The statement said: "The increased testing is being introduced in addition to existing extensive testing and, in combination with the public following current lockdown rules and Hands Face Space advice, will help to monitor and suppress the spread of the virus. Positive cases will be sequenced for genomic data to help increase our understanding of Covid-19 variants and their spread within these areas.
"Enhanced contact tracing will be used for individuals testing positive with a variant of concern. This is where contact tracers look back over an extended period in order to determine the route of transmission.
"People living within the targeted areas are strongly encouraged to take a Covid-19 test when offered, whether they are showing symptoms or not."
Spanish royalty caught up in vaccine tourism debate
Questions are being raised over vaccine tourism in the UAE after the King of Spain's sisters apparently jumped the queue when visiting their father in Abu Dhabi, James Badcock reports.
Princesses Elena and Cristina, the two sisters of Spain’s King Felipe, admitted being vaccinated when visiting Juan Carlos, the self-exiled former monarch, in Abu Dhabi in February.
A press statement by Princess Elena said that the sisters were “offered” the vaccine and decided to have it in order to ease future travel to visit their father, but the UAE’s Embassy in Madrid told a TV news programme that it would be illegal for non-residents to be vaccinated in the country.
The UAE’s government website says that Covid vaccines are only for “medically eligible citizens and residents”, listing those who are over 60 years old, have chronic illnesses and special needs or work in education as priority groups.
On February 7, when the princesses were in Abu Dhabi, UAE health authorities said that first doses of the vaccine were only being made available to priority groups until mid-March.
The Telegraph asked the UAE government to confirm the policy, and was told that a statement was being prepared in light of the controversy over the Spanish princesses.
Last month an exclusive London travel club, the Knightsbridge Circle, said it has partnered with the UAE to organise vaccination trips to the country with the visitors paying for a package including access to the Sinopharm vaccine.
The Spanish princesses, who are no longer working members of the royal family, have been criticised by many Left-wing politicians and government ministers for effectively jumping the queue by being vaccinated abroad when they would still have to wait for months in Spain as they are both healthy and in their fifties.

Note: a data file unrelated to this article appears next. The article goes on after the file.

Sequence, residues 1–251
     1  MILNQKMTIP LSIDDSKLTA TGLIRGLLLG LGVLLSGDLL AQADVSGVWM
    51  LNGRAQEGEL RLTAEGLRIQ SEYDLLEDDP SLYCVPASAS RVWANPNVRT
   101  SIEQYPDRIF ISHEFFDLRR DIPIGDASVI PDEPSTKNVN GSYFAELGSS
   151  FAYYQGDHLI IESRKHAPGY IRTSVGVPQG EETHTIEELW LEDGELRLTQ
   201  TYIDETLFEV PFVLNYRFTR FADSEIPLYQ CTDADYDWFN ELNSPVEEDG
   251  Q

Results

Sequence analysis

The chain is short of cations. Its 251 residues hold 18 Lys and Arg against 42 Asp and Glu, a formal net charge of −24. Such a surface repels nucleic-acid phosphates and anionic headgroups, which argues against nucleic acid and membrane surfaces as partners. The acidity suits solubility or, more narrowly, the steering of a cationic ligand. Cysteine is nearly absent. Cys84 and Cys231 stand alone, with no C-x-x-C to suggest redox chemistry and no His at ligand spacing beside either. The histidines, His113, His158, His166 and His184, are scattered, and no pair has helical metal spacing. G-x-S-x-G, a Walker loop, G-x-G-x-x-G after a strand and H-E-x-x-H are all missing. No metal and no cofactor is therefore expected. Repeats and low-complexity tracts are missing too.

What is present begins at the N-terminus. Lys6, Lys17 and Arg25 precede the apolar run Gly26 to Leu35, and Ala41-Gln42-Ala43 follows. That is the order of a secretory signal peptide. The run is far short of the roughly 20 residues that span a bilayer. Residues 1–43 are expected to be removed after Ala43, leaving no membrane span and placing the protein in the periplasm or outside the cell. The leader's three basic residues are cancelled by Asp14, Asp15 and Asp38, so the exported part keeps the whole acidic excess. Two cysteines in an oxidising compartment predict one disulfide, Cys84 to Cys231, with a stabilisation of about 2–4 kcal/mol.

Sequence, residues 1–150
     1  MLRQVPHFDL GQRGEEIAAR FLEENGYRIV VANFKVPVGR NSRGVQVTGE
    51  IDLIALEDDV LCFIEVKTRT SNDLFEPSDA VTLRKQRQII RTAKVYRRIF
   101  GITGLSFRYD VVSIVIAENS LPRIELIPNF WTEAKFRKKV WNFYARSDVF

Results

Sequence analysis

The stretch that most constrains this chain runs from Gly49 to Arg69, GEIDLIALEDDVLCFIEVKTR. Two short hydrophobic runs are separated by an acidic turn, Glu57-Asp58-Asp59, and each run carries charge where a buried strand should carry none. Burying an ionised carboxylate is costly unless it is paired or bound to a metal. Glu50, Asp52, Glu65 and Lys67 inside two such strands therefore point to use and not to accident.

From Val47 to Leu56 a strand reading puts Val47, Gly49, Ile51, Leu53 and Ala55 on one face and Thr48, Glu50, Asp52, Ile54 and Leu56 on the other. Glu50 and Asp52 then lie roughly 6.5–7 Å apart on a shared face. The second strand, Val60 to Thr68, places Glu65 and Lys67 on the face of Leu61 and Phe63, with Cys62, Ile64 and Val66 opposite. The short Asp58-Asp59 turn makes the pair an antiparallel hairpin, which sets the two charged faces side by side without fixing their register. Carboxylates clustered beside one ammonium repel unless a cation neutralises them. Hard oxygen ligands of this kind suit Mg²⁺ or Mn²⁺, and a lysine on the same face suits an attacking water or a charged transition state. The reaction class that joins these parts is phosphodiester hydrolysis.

Hundreds of fake Covid-19 vaccines seized in South Africa
South African police have seized hundreds of fake Covid-19 vaccines and arrested four suspects in connection with the haul, the Interpol global police co-ordination agency said.
This comes after Interpol, which is headquartered in France, issued a global alert in December to law enforcement across its 194 member countries, warning them to prepare for organised crime networks targeting Covid-19 vaccines, both physically and online.
Some 400 ampoules - equivalent to around 2,400 doses - containing the fake vaccine were found at a warehouse in Germiston, east of Johannesburg, where officers also recovered a large quantity of fake 3M masks, the agency said on Wednesday on its website.
Three Chinese nationals and a Zambian national were arrested.
Vaccine coverage in older adult care homes reaches 93.8%
Some 93.8 per cent of residents of older adult care homes in England eligible to have their first dose of Covid-19 vaccine had received the jab by February 28, NHS England said.
Residents are classed as eligible for the vaccine if they have not had Covid-19 in the previous 28 days.
The equivalent figure for staff of older care homes is 72.9%.
Just 57.9% of eligible staff of older care homes in London are estimated to have received their first jab.
Bangladesh seeks to double vaccine purchases from Serum Institute of India
Bangladesh wants to buy up to 40 million more doses of the AstraZeneca coronavirus vaccine from the Serum Institute of India (SII), its health secretary said on Thursday, potentially more than doubling its purchases.
Bangladesh, a country of more than 160 million people, has already received vaccines from SII as part of an earlier deal for 30 million doses. India's government has also gifted the neighbour 2 million doses of the shot that SII, the world's biggest vaccine maker, is producing for many countries.
"Talks ongoing. Let's see," Health Secretary Abdul Mannan told Reuters.
SII did not respond to a request for comment.